‘Mundo Muerto’ casts a different light on death


Jonathon Duarte

Sergio Cuerto, coordinator of “Mundo Muerto: A Collective Art Show,” which will open on Saturday, Nov. 18 at the Glasbox on 210 Poplar St.

Jose Soto, Entertainment Editor

The concept of death is understood and dissected differently among nationalities, cultures and individuals. The impression about what happens after our natural life on Earth is over varies between many factors, but one local event will cast light on the issue that some might consider to be taboo.

“Mundo Muerto: A Collective Art Show,” which will open at 6:30 p.m. Saturday, Nov. 14 at The Glasbox on 210 Poplar St.  hopes to evoke conversation and understanding of the occurrence of death through art. The event will feature live painting, photos, film screenings, music and live acting to conceptualize death.

Mundo muerto means dead world in Spanish. On the border, where holidays such as Día de los Muertos are celebrated, the idea of death is something that is central within these traditions.

Sergio Cueto, coordinator of the event, said the exhibit is designed to cast a light on death.

“The art show puts the topic of death in the spotlight, but it does it in an way that is innovative,” Cueto said.

Cueto also said the event is aiming to highlight the death-denying society that people reside in today.

“We’re constantly bombarded by the media with methods of how to stay young, how to live life to the fullest, how to maintain beautiful, but on the other hand, we are also exposed to death in various ways,” Cueto said. “We see war on the TV, we’re told about diseases and healthcare issues, abortions, police brutality–these are all ways that the media also exposes us to death.”

According to Cueto, “Mundo Muerto” is a way of encouraging people to live their lives as naturally as possible while encouraging conversation about both the mortality of human life and the falsified idiom of immortality by pop culture.

“The theme might seem off-putting, but death is opened to many interpretations. We all grieve differently, remember the deceased differently,” Cueto said. “Of course there is a dark tone to the event, but it’s also promoting the celebration of life and the perseverance of human beings. The event will heighten your senses–making, you feel alive.”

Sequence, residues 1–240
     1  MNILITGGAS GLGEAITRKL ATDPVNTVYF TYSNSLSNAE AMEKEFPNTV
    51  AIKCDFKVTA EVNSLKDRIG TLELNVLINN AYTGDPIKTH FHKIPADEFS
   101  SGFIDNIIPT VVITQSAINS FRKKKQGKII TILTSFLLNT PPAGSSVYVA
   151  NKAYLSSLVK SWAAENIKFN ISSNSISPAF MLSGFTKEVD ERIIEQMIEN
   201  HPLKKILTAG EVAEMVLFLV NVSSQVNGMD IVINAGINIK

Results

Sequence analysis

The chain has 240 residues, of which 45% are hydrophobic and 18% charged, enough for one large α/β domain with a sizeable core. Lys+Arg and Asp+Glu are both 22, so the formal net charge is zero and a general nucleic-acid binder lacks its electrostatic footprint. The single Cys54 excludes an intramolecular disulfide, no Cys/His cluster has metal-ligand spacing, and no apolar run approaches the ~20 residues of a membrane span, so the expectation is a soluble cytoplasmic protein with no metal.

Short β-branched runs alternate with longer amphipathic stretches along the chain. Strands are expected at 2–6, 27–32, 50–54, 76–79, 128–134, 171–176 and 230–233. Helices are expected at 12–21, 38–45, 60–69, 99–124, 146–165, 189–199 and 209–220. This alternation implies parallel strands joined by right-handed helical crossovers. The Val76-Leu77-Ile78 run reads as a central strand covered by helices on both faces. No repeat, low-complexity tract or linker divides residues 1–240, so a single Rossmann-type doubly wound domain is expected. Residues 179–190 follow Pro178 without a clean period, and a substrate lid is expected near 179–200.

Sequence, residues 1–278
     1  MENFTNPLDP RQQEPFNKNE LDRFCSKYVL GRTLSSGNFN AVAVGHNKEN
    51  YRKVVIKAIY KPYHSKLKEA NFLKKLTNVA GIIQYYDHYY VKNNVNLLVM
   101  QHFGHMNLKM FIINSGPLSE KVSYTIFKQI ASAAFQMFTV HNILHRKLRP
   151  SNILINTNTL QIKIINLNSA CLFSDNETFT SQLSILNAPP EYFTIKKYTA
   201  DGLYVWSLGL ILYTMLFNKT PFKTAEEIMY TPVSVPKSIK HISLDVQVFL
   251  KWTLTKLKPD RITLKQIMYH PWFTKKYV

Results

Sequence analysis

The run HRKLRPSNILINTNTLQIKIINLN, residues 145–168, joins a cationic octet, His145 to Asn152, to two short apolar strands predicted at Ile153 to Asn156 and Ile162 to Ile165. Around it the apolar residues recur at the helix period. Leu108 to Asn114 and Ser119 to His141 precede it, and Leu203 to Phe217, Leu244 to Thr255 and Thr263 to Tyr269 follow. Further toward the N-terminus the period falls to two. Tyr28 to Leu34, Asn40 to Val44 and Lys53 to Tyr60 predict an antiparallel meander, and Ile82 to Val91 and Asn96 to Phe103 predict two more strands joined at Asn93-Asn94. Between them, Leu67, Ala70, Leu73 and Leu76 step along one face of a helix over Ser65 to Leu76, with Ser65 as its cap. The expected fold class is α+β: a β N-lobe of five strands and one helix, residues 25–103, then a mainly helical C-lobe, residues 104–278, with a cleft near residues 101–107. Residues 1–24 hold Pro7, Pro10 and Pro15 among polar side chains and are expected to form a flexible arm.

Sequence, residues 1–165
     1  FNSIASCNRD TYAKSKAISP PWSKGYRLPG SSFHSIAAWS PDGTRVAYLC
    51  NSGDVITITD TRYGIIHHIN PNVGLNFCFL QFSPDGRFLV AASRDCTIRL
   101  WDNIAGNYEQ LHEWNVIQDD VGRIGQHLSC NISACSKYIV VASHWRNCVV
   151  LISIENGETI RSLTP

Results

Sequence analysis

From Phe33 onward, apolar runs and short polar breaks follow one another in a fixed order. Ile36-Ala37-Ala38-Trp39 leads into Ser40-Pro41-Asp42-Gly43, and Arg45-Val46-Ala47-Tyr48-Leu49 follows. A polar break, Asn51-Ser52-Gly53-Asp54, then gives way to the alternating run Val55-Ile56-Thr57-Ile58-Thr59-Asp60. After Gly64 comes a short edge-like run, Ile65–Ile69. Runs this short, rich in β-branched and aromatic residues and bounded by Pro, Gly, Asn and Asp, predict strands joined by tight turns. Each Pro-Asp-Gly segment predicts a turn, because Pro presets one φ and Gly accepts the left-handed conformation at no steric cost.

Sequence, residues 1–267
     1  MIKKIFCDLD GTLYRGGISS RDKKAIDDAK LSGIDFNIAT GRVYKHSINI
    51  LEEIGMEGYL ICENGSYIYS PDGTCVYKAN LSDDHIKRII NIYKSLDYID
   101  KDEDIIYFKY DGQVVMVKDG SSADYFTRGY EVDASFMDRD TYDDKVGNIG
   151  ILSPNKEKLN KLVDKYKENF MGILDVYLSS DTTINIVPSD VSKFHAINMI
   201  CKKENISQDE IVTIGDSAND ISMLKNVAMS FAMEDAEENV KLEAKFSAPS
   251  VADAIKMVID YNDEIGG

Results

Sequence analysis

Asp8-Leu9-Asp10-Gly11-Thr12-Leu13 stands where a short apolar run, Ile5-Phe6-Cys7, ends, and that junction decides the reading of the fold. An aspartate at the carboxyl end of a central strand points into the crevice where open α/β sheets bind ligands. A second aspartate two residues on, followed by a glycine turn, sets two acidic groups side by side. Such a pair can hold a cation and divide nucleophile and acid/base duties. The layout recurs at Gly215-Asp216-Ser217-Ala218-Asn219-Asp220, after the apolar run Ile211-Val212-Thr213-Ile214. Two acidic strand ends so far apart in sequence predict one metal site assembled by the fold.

“Mundo Muerto” will include photos on suicide, five painters, two photographers, actors, a fashion designer and film screenings.

“There is so much local talent,” Cueto said. “This is a perfect event to use as a creative outlet for issues that aren’t considered to be of open-topic.”

Andrew Barahona, creator of the event, said it has been in the process of development since mid-August.

“I wanted to develop a very interesting art show. I thought about how the border community perceives death differently because of our mostly Mexican heritage,” Barahona said. “In our culture, we celebrate death as a way to honor life instead of seeing it as a tragedy entirely. It’s not as taboo amongst us.”

Barahona also said the theme of the event has helped participating artists to step outside their comfort zone.

“The artists are intrigued,” Barahona said. “It is allowing them to do what they haven’t done previously. It’s an exciting element instead of a troubling one.”

Ivan Calderon, a UTEP alumnus, will be one of the artists participating in the event. Calderon got involved with the event in order to reach a larger audience.

“As an artist you’re always seeking to communicate to a larger audience and I try to never turn down an opportunity to exhibit work,” Calderon said.

Calderon said death played a major role in his work as an undergraduate student.

“I had two cousins slain in the streets of Juárez, seven months apart,” Calderon said. “My education became my coping mechanism as I tried to understand this tragic situation. My work was analyzing violence in Mexico from a historical and psychological perspective as well as social.”

Calderon said his pieces will depict the worshipping of Santa Muerte and appropriation of Día  de los Muertos and other Mexican iconography in America amongst the racial climate regarding Mexicans. Calderon also said that he would participate in the art show because of the charity behind the show. Cueto said proceeds would be donated to Ojos de Dios, a non-profit organizations for children with disabilities who have been abandoned.

For more information on “Muerto Mundo: A Collective Art Show,” please visit their Facebook page or call 915-258-7983.

Jose Soto may be reached at [email protected]